US District Judge Terry Doughty ruled on Tuesday that the Biden administration must lift its suspension on new oil and gas leases on federal land and waters.
Doughty, who heard arguments at a Louisiana court last week, granted a preliminary injunction to 13 states who alleged that the Biden administration's suspension bypassed a number of bureaucratic steps and subsequently violated several laws, including the Administrative Procedure Act.
The suit also argues that a number of energy sector jobs have been endangered by the now-monthslong suspension imposed by the administration.
The suit was initially filed by Louisiana Attorney General Jeff Landry back in March, weeks after the US president signed a number of Executive Orders geared toward climate change and related research.
Landry's suit represents his own state, as well as Alabama, Alaska, Arkansas, Georgia, Mississippi, Missouri, Montana, Nebraska, Oklahoma, Texas, Utah, and West Virginia.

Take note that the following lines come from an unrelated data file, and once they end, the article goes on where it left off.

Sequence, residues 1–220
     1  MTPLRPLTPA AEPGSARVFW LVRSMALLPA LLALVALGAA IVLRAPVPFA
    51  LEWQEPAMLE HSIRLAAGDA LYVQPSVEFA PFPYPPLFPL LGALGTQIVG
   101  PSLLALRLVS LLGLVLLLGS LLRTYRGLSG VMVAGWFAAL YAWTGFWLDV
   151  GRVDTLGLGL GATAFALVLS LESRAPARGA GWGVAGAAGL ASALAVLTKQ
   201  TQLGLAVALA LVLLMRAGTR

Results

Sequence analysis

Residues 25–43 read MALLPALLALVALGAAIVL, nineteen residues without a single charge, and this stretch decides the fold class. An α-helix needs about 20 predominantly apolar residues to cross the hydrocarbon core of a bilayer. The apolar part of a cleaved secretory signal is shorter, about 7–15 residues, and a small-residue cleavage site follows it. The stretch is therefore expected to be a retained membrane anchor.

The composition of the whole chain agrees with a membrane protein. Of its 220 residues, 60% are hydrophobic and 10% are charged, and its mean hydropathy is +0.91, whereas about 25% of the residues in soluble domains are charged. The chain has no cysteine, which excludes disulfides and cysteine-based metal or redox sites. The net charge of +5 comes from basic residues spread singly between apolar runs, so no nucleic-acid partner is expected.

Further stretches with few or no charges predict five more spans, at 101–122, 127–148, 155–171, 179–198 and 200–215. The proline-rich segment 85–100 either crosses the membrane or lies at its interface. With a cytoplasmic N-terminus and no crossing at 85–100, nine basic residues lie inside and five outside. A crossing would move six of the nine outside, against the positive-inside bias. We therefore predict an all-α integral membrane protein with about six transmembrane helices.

Representation for the administration argued that the 13 states "will not be harmed by the [suspension] because development activity from exploration through drilling and production has continued at the same levels as the preceding four years and because no existing lease has been cancelled as a result of the [suspension]."
Earlier this year, Alliance of Energy Producers President Jason Modglin told Sputnik that Biden's suspension on new oil and gas leases could have a severe impact on Texas - particularly if the period is extended or made permanent.
"Texas would be impacted pretty substantially if federal leasing in the Gulf of Mexico was impaired for a long period of time ... if a moratorium was issued for a long time," Modglin warned.